What the New England Patriots have done with head coach Bill Belichick and quarterback Tom Brady since the two teamed up in 2001 is, quite honestly, astounding. We love to toss the word “dynasty” around in sports, and for good reason: Few other words capture the nature of prolonged greatness quite like it.
I can quickly rattle off a couple of dynasties that left a lasting impression – the Yankees and Cowboys in the 1990s, the Kobe/Shaq Lakers, the Islanders of the early 80s and of course, UConn women’s basketball.
The Patriots with Belichick and Brady are on another level. With a 36-17 romp over Pittsburgh in Sunday’s AFC Championship Game, New England punched their seventh Super Bowl ticket in 16 seasons under that pair of legends. We’ll find out the result of that trip in two weeks but they have already compiled a 4-2 record in six appearances in the big game and those losses could have both easily swung the other way.
In these 16 seasons, the Patriots have won the AFC East title 14 times, including 13 of the last 14 years. They have advanced to the conference championship stage 11 times, including the last six seasons. They have not failed to reach the 10-win mark since 2002.
I could pile stats atop each other all day, but that would be boring for you and me. If you’re reading a New England newspaper, you probably know precisely just how good the Patriots have been.
I find it beyond belief that the first time Brady and Belichick won a Super Bowl together people were buying original iPods instead of VR goggles. “Star Wars” fans were gearing up for “Attack of the Clones,” not “The Last Jedi.” George W. Bush was a year into his first presidential term, and well, you know where that’s at now.
Now in 2017, the two are back yet again and, unsurprisingly, they are the favorite.
American professional sports teams are not supposed to be this good for this long. Our salary cap and draft systems have been implemented to keep leagues moving in a cyclical nature, in which the better teams eventually fade out and the worse teams can add new talent in an attempt to improve. Obviously these leagues would like their premier franchises to also serve as their better teams for marketing purposes, and that is often the case, but everyone is intended to rise and fall eventually.
With Belichick’s impossibly steady hand as both general manager and head coach and Brady’s unwavering brilliance at the sport’s most undeniably crucial position, the Patriots flat-out defy these norms.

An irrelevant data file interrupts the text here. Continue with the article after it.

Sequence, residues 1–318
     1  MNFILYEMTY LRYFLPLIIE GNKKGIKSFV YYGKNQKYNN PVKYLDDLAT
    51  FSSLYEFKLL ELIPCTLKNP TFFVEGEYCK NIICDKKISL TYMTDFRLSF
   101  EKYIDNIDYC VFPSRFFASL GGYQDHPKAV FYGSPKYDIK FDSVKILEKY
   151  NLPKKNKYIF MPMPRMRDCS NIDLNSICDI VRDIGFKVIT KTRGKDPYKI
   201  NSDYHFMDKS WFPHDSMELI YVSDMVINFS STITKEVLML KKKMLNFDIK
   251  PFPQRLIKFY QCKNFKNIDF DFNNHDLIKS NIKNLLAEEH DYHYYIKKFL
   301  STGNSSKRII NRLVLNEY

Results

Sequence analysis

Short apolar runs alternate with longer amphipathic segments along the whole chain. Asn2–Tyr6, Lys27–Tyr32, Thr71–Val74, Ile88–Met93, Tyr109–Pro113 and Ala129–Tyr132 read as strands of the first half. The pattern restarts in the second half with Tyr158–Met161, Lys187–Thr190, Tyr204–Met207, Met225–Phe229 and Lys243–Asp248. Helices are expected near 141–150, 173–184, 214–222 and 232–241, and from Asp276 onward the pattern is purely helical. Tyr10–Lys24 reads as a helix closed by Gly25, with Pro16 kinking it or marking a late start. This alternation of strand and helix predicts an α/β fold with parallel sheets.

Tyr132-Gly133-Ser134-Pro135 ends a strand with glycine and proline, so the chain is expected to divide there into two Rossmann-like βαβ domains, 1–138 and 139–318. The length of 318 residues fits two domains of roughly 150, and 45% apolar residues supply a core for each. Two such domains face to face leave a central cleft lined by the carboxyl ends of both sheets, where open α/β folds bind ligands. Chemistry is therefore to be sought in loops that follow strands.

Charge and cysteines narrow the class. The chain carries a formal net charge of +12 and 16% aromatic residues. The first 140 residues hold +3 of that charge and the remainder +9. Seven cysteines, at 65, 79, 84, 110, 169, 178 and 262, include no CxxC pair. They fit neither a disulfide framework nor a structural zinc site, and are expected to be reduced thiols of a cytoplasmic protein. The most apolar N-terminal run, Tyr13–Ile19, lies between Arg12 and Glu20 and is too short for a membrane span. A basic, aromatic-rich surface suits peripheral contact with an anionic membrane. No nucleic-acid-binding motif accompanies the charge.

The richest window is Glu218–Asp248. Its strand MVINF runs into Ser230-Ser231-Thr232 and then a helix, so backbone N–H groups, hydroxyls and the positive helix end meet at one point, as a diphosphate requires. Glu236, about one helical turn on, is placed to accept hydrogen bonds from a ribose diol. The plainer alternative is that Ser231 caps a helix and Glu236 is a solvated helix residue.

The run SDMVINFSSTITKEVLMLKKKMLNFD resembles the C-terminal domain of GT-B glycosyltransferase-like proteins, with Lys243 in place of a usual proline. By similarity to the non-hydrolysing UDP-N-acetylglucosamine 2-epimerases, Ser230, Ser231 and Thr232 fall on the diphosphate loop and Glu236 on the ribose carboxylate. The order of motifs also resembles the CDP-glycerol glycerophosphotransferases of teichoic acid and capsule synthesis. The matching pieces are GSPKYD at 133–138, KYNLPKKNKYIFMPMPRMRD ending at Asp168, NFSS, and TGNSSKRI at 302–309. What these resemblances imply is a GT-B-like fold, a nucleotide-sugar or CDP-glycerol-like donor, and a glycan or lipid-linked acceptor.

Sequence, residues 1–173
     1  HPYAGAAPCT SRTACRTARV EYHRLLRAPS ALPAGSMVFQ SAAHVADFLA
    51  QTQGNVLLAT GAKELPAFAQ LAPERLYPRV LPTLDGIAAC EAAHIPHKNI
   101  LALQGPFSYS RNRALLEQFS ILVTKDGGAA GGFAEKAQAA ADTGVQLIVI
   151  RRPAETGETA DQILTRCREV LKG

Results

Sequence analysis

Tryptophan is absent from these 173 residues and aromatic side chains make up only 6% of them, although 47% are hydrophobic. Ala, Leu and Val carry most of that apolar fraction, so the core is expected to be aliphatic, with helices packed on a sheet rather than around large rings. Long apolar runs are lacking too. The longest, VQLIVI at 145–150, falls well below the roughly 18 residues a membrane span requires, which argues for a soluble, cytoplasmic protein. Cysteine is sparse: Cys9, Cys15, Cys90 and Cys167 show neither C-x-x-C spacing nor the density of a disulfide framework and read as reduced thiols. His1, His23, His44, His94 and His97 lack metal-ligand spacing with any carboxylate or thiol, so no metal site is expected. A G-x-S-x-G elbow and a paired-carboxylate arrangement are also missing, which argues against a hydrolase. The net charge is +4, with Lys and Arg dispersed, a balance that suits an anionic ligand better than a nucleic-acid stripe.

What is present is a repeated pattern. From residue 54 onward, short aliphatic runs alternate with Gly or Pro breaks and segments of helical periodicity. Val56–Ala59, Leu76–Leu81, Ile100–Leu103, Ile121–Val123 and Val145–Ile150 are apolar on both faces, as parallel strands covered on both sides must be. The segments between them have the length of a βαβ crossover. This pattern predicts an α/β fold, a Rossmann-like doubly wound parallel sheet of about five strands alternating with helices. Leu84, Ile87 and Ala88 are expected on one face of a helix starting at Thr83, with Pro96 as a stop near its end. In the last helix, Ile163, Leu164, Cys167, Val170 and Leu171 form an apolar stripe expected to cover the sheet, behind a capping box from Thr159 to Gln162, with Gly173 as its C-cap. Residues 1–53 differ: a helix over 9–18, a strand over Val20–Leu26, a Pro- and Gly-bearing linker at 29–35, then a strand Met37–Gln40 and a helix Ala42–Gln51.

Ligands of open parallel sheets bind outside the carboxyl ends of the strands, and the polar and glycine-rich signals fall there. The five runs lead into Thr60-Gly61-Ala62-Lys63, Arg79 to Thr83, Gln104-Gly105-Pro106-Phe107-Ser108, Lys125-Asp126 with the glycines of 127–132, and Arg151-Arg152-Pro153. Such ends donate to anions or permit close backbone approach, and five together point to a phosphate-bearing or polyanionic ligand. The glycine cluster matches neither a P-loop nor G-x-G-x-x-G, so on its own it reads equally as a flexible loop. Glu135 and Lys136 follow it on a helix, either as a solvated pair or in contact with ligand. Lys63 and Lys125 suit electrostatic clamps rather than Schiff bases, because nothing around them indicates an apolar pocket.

Year after year, you know exactly what to expect from the Patriots: They will be in the hunt. They do not have disappointing seasons. The one time Brady got hurt, tearing his ACL in week one in 2008, Belichick still guided back-up Matt Cassel to 11 wins and narrowly missed a playoff berth.
If you want to come out of the AFC and reach the Super Bowl you’ll probably have to beat them, which means dealing with an offense that’s a strong bet to score 30 points on any given night. You’ll also have to fend off a disciplined defense with a couple of playmakers and hope that their kicker misses for once.
By consistently re-stocking the cabinet with shrewd draft pick swaps and free agent finds, Belichick always gives himself the tools to contend and he can afford to spend resources away from the flashy offensive positions because of Brady’s assured dominance.
It is a truly deadly pairing for competing franchises to deal with. I can’t imagine being the Jets, Bills or Dolphins this millennium.
It may be as simple as this: Belichick and Brady are both the greatest performers ever at their respective roles of head coach/personnel manager and quarterback. I don’t like to hand those out so early, but it’s true. Pair up the two and you create an unstoppable force.
The Patriots have busted the system and, even though Brady turns 40 this August, would you even be surprised if this lasted a few more years? I wouldn’t be. I expect to see Gillette Stadium every time the NFL playoffs roll around in January and, until their architects are gone, I probably will. Now that’s a dynasty.